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    +1 for making a good point against the grain. I think it's lost because browsers don't render whitespace in html, so the common use would be for console applications. And as you said, in that case the line ending would be interpreted for the executing environment, which makes sense for console apps, but not client-server web applications. – Jeff Puckett Sep 22 '16 at 12:02

The definition of PHP_EOL is that it gives you the newline character of the operating system you're working on.

In practice, you should almost never need this. Consider a few cases:

  • When you are outputting to the web, there really isn't any convention except that you should be consistent. Since most servers are Unixy, you'll want to use a "\n" anyway.

  • If you're outputting to a file, PHP_EOL might seem like a good idea. However, you can get a similar effect by having a literal newline inside your file, and this will help you out if you're trying to run some CRLF formatted files on Unix without clobbering existing newlines (as a guy with a dual-boot system, I can say that I prefer the latter behavior)

PHP_EOL is so ridiculously long that it's really not worth using it.

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    -1 for "PHP_EOL is so ridiculously long". It's not a valid argument. – Török Gábor Oct 23 '10 at 11:52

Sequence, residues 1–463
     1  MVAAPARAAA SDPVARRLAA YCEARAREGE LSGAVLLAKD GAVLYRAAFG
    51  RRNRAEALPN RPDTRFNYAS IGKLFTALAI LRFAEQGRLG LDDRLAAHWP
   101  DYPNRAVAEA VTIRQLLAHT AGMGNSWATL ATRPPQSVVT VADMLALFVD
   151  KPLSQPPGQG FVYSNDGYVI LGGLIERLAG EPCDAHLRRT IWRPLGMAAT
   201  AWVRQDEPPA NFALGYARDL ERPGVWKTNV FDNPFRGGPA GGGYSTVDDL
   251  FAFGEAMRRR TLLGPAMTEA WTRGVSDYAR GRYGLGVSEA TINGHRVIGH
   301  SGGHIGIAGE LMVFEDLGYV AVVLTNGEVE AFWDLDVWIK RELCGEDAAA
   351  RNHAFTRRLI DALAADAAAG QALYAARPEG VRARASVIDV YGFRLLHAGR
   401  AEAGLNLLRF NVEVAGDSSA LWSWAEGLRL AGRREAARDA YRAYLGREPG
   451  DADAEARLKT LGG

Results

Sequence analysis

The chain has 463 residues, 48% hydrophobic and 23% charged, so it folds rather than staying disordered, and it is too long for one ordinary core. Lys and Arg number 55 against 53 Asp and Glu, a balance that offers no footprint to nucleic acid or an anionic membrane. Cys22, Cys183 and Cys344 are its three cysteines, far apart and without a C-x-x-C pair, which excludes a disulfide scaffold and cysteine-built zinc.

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    I completely agree with you. There is no sense whatsoever in deploying php on anything but *nix. Thus - there is no point in using PHP_EOL or DIRECTORY_SEPARATOR. – Stann Jan 19 '11 at 12:10
  • @Stann Can you explain your point about "There is no sense whatsoever in deploying php on anything but *nix" ? – Sajuuk Aug 30 '17 at 6:43
  • @Sajuuk I believe that would be called "sarcasm". – Félix Gagnon-Grenier Feb 21 at 14:05

There is one obvious place where it might be useful: when you are writing code that predominantly uses single quote strings. Its arguable as to whether:

echo 'A $variable_literal that I have'.PHP_EOL.'looks better than'.PHP_EOL;  
echo 'this other $one'."\n";

The art of it is to be consistent. The problem with mix and matching '' and "" is that when you get long strings, you don't really want to have to go hunting for what type of quote you used.

As with all things in life, it depends on the context.

DOS/Windows standard "newline" is CRLF (= \r\n) and not LFCR (\n\r). If we put the latter, it's likely to produce some unexpected (well, in fact, kind of expected! :D) behaviors.

Nowadays almost all (well written) programs accept the UNIX standard LF (\n) for newline code, even mail sender daemons (RFC sets CRLF as newline for headers and message body).